Ποιειν Και Πραττειν - create and do

7. Orientation: living, traveling and strangers coming into town



7. Orientation – living, traveling and strangers coming into town

7.1 Streets (known, unknown)

7.2 Famous names and historical memory in places

7.3 Select traffic categories to separate heavy transport from pedestrians Arteries thick and thin – the route of things and persons – model of Chicago

7.4 Strangers coming into town – a measure of tasks ahead to realize a just society



North, South, West or East, all search for a helping hand to guide them and most apt to find their ways are the blind ones for they see and more so sense what lies ahead.


Small conversation in Paris:

“How do I get to the train station?”

“Which one?”

“Gare de Nord.”

“You are not far from that station. Just head down that street and at the third traffic light turn right; you will see then already Gare de Nord.”


Many people are not honest when they give orientation. Many pretend to know their city, streets, squares, places, where friends and other people live, but few wish to show their lack of knowledge. Hence they give often strangers wrong information and thereby contribute towards disorientation. It would have been better for them to say simply: “I don’t know”.

Another matter is the art to give orientation especially for a stranger trying to find the way in a city completely unknown to him. One student in a tutorial about ‘street experiences’ in a securalized state compared to one under Islamic rule as is Teheran would say Indians were excellent guides as they could read the signs and give practical orientations for finding the way. They would include such details as a tree under which they would love to sit and look at the water flowing past in the river running past that tree. They would say, when you come to that tree, where I love to sit for a while, then look for a soft slope on the other side of the river. Head towards that slope by crossing over at the next rapids you reach by going upstream.  Visual reminders will be remembered even if many details. Quite another is the abstract orientation given by geographers: two miles North-East and then straight towards the next juncture.

How then to go and finding your way through the maze of streets which every city has? There is a linkage between journeys like that of Odysseys and James Joyce repeating a similar journey but not lasting 22 years, but taking him in 24 hours through Dublin. Other ways to discover a city are linked much more to pressing needs for finding a place to stay, a job or an address given to one by a friend who lives in that city.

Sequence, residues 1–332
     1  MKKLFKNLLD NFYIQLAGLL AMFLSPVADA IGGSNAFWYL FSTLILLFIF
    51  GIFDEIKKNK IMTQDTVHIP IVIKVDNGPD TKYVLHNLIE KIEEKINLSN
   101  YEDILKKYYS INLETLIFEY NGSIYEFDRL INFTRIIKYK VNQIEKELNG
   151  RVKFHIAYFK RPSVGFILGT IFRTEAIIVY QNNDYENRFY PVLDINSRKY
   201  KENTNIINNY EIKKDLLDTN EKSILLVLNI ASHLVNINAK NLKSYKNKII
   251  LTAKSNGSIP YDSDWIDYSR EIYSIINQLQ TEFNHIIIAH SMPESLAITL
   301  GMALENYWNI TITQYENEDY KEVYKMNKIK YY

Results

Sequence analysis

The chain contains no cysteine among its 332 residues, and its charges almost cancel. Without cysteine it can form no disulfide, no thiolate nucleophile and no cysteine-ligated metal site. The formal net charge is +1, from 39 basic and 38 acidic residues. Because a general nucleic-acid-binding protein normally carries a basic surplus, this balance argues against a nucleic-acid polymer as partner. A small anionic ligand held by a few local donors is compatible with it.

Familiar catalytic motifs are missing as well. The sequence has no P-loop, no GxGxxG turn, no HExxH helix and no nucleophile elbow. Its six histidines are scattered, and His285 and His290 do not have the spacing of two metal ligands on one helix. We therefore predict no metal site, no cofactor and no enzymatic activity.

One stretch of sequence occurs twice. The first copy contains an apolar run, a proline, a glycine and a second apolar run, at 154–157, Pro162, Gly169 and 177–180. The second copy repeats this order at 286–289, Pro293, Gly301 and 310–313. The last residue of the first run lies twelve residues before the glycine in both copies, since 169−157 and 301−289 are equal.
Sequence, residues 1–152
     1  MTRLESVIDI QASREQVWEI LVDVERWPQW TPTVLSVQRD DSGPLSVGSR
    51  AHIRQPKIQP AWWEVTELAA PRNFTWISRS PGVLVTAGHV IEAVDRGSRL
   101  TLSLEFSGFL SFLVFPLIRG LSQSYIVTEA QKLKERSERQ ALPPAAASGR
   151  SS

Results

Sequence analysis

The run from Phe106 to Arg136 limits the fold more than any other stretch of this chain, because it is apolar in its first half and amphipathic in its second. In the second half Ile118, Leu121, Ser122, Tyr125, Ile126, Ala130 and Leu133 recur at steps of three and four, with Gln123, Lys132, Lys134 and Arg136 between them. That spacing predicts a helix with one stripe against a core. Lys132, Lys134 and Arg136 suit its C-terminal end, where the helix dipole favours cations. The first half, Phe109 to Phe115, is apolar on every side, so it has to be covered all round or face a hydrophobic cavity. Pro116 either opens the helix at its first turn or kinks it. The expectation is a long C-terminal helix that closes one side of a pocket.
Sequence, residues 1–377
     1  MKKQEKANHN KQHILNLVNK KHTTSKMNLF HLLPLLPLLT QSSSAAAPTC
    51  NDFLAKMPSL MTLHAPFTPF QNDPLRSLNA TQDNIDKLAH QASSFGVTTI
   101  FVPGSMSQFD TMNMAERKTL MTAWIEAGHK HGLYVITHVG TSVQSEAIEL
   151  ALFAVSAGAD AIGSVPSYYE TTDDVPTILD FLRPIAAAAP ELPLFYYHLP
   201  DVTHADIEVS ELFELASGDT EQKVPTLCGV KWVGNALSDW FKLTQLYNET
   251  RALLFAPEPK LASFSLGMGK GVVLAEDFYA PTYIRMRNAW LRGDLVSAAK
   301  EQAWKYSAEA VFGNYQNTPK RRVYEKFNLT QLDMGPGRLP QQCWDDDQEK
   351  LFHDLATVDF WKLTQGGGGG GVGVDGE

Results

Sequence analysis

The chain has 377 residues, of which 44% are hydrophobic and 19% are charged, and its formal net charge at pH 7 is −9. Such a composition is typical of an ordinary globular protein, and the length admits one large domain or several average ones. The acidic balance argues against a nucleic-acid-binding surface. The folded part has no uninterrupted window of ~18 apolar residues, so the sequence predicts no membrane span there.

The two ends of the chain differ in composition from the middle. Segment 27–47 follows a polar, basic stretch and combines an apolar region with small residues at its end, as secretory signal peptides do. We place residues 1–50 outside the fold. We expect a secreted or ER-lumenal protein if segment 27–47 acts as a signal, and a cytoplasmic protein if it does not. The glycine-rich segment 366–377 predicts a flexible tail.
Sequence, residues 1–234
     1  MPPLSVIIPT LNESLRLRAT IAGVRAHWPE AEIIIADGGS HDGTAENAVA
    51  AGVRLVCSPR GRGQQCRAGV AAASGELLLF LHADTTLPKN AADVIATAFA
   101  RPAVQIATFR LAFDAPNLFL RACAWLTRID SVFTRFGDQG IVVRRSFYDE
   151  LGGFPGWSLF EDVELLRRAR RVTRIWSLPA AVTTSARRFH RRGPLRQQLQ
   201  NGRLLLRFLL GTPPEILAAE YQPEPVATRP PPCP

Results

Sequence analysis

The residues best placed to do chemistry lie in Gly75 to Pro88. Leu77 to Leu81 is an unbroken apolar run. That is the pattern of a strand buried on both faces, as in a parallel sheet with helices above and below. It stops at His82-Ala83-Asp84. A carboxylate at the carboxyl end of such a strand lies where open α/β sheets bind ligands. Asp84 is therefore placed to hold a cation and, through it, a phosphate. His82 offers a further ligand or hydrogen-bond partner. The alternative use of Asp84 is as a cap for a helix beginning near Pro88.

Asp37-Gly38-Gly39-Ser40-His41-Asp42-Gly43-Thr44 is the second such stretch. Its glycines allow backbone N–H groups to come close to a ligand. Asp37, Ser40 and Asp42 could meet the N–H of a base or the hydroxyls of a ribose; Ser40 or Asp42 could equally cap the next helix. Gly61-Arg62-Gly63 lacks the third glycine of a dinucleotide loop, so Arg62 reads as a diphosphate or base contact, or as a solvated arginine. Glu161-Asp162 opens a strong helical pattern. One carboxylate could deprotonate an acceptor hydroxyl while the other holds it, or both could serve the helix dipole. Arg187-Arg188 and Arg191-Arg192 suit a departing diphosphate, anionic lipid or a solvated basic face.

Living and traveling

There was a Japanese philosopher who taught once at the Institute Science of Religion at the Free University in Berlin (West – at that time, 1977-80). He considered going from one room to the next in a house as much as traveling from one country to the next. Crossing the threshold when walking from one to the other room meant in his Zen-sense also the importance before doing so to give an interpretation to the Zen poem fastened in the room; whenever about to step over the threshold, it was important to do so in accordance with the deeper sense flowing through that poem.

Another way to dream about traveling was evoked by the radio program of Ernst Schnabbel who traveled around the world in eighteen days and who recorded the voices en route whether an English speaking Indian or an American military man in Hawai. He did this program immediately after the war. Germans were yearning to see the world with their own eyes after so much suppression and repression during the times of National Socialism.

The German philosopher Ernst Bloch speaks about living and traveling in terms of understanding the self out of a double structure called in German ‘Entfremdung – Verfremdung’: by traveling abroad you alienate yourself from your original place of living and identity while coming back estranged by having made experiences abroad, this alienated – estranged sense allows for another reflection of the self understanding usually not questioned if staying put. Brecht had called that in terms of theatre as the ability of the actor to stand beside himself and observe what he is doing on stage.

There are writers like Christa Wolf found no where to travel to and no where to stay at: “Kein Ort! Nirgends”. No place nowhere. She meant in that novel the fact that once Troy was taken by the Athenians the women and children fled into caves to escape their fate but no historian would remember them. They were left with the choice of scratching into the cave’s wall their own history not recorded by anyone else.